ZEW - Leibniz Centre for European Economic Research
Recent publications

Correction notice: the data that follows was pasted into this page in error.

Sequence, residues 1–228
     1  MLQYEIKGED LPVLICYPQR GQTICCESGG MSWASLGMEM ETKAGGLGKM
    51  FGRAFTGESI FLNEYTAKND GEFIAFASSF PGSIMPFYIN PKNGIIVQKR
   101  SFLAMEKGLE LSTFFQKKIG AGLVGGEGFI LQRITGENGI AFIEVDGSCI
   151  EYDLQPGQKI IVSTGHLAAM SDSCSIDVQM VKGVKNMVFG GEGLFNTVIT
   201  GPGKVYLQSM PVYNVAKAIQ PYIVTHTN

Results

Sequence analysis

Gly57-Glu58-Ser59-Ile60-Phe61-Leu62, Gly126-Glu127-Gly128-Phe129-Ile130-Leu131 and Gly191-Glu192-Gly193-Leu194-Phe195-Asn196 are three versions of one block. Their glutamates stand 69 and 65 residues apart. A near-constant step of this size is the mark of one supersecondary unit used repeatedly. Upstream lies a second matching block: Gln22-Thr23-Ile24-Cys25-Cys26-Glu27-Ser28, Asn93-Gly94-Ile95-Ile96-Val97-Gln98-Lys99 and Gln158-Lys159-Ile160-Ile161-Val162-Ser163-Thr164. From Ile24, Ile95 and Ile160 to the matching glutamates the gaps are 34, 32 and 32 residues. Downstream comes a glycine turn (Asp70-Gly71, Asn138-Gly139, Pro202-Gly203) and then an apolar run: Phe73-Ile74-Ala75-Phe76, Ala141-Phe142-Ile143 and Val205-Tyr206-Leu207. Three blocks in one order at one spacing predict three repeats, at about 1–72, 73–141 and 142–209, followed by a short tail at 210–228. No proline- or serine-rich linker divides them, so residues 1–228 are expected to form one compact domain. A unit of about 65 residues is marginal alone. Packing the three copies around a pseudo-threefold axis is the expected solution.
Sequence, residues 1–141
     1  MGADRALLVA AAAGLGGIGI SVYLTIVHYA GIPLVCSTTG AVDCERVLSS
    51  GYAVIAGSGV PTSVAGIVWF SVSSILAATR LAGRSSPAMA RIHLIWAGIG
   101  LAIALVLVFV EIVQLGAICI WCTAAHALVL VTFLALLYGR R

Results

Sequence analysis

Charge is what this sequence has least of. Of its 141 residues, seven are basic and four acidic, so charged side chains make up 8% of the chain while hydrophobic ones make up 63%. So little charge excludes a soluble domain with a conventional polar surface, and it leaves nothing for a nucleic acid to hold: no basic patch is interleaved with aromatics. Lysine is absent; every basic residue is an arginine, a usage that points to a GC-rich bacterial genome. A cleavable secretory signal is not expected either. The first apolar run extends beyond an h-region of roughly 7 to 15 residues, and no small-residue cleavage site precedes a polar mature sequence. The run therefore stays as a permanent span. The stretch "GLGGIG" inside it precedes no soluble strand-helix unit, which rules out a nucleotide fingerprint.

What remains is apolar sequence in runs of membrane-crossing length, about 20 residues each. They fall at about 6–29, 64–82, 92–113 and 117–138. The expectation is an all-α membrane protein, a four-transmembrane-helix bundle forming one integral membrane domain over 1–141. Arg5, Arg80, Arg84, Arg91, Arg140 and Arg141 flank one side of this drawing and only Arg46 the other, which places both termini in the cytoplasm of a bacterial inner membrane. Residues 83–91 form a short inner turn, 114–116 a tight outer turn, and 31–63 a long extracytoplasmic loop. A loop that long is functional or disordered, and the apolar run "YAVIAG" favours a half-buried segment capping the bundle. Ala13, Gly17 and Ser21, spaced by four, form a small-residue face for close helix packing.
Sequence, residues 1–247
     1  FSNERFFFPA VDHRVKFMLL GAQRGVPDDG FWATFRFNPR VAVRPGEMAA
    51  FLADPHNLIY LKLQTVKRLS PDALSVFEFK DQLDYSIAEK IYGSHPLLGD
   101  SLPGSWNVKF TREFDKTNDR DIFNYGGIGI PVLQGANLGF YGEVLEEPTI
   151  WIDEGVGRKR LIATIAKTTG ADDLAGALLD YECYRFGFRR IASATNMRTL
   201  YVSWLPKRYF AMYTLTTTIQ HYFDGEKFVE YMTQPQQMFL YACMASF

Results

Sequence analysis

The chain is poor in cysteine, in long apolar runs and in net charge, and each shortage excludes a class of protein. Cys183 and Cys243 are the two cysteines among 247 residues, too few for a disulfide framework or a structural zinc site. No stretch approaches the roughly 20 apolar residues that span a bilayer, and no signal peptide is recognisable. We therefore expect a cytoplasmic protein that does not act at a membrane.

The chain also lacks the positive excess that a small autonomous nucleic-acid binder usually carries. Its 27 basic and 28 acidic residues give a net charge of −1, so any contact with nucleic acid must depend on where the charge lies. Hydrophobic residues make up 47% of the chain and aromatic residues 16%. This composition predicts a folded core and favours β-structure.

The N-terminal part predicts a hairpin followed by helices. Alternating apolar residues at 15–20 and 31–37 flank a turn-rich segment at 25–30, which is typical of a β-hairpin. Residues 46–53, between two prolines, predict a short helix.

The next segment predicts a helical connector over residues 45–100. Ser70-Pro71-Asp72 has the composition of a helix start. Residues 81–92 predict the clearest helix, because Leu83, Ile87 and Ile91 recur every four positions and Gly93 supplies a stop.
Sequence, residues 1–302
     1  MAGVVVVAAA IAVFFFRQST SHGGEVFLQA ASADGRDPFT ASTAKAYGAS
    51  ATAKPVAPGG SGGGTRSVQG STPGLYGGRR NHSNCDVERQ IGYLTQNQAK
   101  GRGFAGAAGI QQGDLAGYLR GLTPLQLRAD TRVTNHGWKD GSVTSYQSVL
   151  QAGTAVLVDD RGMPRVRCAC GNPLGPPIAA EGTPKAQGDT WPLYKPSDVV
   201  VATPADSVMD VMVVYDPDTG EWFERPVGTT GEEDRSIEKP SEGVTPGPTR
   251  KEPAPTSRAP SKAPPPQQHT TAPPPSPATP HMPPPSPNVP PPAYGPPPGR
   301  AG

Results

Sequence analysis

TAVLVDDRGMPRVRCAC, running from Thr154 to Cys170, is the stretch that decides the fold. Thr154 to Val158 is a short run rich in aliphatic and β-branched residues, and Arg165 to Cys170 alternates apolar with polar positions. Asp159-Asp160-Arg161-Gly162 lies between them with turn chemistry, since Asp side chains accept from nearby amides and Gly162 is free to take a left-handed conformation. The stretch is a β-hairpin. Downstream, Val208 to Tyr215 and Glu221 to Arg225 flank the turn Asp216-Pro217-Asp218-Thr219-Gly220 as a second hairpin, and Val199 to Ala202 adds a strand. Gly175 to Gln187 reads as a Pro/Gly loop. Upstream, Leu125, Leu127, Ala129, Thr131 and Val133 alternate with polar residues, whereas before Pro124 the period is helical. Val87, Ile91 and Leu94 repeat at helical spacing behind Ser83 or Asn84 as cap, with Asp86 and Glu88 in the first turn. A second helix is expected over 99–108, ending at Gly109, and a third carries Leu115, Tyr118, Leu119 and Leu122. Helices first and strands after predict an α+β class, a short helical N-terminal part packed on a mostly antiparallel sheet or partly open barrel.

Competing power generation sources have experienced considerable shifts in both their revenue potential and their costs in recent years. Here we introduce the concept of Levelized Profit Margins (LPM) to capture the changing unit economics of both intermittent and dispatchable generation technologies. We apply this framework in the context of the California and Texas wholesale power markets. Our LPM estimates indicate that solar photovoltaic and wind power have both substantially improved their competitive position during the years 2012–2019, primarily due to falling life-cycle costs of production. In California, these gains far outweigh an emerging “cannibalization” effect that results from substantial additions of solar power having made energy less valuable in the middle of the day. As such, intermittent renewables in both states have been approaching or exceeding the break-even value of zero for the estimated LPMs. We also find the competitiveness of natural gas power plants to have either improved in Texas or held steady at negative LPMs in California. For these plants, declining capacity utilization rates have effectively been counterbalanced by a “dispatchability price premium” that reflects the growing market share of intermittent renewables.